Q: What types of scams or fraud should be looked out for?
A: It's a shame that more often than not, disasters bring in low-life scam artists who try to weasel money out of victims of disasters, just when they are most vulnerable. It may be hard to believe that these types of crimes could happen in Iowa, but it’s important to be aware of what’s out there. When a disaster hits, everyone is looking for quick help to clean and fix up their property. This gives home repair con artists and untrustworthy contractors ample opportunity to walk away with people’s cash without completing work. Iowans also need to look out for charity scams and identity theft. After Hurricane Katrina, there were cases where scamsters attempted to steal people’s identities by asking for FEMA registration numbers and Social Security numbers.
Q: What are the signs of a con artist?
A: Look out for contractors soliciting business door to door. In general, reputable companies don’t seek out customers that way, especially after a disaster when the demand for their work is at its highest. While the individual at your doorstep may be legitimate, try to deal with a local contractor who has a good reputation. Sometimes the con artists will use company names that are close to or sound like local companies in an attempt to confuse the customer. If you are unsure about the legitimacy of a business, you can check with the Labor Services Division of Iowa Workforce Development at 1-800-JOB-IOWA, research online for registered Iowa contractors, or verify with the local Better Business Bureau. In addition, people can avoid charity scams by working with groups that are well-known.
Q: What should be expected of a reputable contractor?
A: A reputable contractor will be able to provide names of previous customers. It's always a good idea to call these former customers to make sure they received a satisfactory work product. The contractor should also have proof of general liability insurance and worker’s compensation so you can avoid liability for work-related accidents that may occur on your property. Contracts should be in writing with any and all guarantees clearly identified. It may be a good idea to have a lawyer review the contracts before signing them. If you can, don’t pay in cash or make large down payments as both options leave little or no leverage with a contractor. Instead use a credit card or check, and only make final payments when work is completely finished. You can find other tips on hiring contractors and how not to get ripped off on the websites of the U.S. Department of Justice, www.justice.gov, and Federal Trade Commission, www.ftc.gov, as well as on the website of the Iowa Department of Justice Office of the Attorney General, www.state.ia.us/government/ag/ .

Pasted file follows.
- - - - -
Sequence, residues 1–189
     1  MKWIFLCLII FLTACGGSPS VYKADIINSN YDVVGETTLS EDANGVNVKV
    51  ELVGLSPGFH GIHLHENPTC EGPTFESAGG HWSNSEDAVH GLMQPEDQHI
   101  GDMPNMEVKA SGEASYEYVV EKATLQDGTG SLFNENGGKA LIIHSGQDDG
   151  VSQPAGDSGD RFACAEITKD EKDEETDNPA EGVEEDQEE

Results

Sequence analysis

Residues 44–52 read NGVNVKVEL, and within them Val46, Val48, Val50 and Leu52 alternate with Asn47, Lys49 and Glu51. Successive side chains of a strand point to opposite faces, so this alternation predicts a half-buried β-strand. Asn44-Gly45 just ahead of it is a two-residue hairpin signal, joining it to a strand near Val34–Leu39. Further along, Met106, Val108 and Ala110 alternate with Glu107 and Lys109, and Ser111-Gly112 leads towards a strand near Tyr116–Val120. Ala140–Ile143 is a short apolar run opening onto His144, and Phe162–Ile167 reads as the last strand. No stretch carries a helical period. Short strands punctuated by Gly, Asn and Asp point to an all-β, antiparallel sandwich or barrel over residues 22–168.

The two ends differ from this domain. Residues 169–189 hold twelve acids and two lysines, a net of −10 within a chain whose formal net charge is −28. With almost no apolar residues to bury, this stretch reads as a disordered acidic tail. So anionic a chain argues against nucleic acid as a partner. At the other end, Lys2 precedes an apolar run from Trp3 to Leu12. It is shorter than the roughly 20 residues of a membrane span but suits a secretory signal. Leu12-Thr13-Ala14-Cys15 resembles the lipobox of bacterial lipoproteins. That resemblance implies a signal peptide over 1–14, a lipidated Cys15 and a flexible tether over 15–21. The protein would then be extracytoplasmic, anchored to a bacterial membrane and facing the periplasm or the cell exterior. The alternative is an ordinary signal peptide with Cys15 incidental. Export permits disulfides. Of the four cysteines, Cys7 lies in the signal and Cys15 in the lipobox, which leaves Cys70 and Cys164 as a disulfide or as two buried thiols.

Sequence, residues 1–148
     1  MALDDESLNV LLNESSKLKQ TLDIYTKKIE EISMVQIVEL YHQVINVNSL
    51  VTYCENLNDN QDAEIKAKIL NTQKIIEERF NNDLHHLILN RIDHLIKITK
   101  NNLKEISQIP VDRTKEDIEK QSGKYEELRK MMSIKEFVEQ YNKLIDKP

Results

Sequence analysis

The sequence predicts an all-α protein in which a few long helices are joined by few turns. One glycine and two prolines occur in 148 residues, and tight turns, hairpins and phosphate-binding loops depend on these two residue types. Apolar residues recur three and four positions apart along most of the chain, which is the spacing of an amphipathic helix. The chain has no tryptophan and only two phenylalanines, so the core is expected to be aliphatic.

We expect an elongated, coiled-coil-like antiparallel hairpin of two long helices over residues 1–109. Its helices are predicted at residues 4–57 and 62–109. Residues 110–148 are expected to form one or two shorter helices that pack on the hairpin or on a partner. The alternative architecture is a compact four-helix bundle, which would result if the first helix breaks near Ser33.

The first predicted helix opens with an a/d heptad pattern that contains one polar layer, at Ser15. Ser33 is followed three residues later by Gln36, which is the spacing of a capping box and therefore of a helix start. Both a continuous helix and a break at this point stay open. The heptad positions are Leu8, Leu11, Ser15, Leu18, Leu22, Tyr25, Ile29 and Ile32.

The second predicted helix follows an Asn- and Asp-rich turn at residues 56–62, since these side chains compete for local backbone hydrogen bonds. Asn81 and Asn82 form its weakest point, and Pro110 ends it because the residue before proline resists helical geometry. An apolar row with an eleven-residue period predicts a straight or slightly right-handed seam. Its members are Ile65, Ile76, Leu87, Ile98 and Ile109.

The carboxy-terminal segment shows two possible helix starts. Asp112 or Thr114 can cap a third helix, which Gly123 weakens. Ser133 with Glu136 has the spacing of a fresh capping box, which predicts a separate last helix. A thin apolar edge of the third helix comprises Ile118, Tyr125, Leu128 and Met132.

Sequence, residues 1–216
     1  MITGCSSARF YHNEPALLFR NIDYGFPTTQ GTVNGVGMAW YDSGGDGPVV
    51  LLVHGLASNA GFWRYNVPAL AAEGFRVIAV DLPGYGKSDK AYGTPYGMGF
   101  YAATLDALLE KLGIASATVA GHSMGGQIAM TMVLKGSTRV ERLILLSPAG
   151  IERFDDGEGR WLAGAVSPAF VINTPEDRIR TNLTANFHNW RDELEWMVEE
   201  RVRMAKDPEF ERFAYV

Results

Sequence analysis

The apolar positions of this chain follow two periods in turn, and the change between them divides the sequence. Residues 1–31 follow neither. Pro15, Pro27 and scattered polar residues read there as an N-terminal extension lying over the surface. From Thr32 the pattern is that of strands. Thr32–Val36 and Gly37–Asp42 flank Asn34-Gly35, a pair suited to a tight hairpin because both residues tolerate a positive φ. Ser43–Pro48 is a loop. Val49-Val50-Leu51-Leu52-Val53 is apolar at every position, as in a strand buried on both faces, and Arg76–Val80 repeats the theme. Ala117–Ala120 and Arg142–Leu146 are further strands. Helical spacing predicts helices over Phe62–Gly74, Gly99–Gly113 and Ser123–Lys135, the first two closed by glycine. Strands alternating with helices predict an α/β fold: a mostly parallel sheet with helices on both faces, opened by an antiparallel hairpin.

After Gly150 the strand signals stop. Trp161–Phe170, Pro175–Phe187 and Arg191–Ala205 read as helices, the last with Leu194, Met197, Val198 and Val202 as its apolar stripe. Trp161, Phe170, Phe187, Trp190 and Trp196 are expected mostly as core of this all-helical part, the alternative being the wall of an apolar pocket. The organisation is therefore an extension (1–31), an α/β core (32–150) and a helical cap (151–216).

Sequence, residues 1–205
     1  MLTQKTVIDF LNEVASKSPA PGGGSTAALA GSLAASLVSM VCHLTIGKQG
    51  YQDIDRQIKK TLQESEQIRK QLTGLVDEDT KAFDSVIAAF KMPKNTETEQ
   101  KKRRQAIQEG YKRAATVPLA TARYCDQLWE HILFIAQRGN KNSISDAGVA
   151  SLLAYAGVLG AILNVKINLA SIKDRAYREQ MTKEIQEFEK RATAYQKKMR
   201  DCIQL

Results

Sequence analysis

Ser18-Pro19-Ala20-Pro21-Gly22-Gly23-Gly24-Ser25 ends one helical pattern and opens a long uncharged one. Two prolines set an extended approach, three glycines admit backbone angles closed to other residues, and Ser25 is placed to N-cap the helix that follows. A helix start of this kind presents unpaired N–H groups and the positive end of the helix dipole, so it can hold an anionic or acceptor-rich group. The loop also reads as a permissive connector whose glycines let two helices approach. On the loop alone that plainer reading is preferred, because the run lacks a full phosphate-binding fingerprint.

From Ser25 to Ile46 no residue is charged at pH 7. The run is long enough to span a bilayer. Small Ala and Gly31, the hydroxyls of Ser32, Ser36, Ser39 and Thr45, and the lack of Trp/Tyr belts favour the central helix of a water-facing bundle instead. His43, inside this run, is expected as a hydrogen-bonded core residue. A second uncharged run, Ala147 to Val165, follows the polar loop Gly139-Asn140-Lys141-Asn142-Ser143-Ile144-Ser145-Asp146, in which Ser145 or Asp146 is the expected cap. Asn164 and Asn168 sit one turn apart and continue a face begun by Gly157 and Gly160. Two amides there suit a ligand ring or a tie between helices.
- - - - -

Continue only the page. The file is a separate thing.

Q: What if a scam or fraud happens?
A: According to federal law, consumers have a three-day reconsideration period for any unsolicited door-to-door sales that are above $25. Complaints can be filed with the Federal Trade Commission’s Consumer Response Center by calling 1-877-FTC-HELP. Contractor fraud should be reported to local police, the Iowa State Patrol by calling 1-800-525-5555 and the Iowa Attorney General’s Consumer Protection Division by calling 1-888-777-4590. FEMA fraud should be reported to the FBI hotline by calling 1-800-CALL-FBI.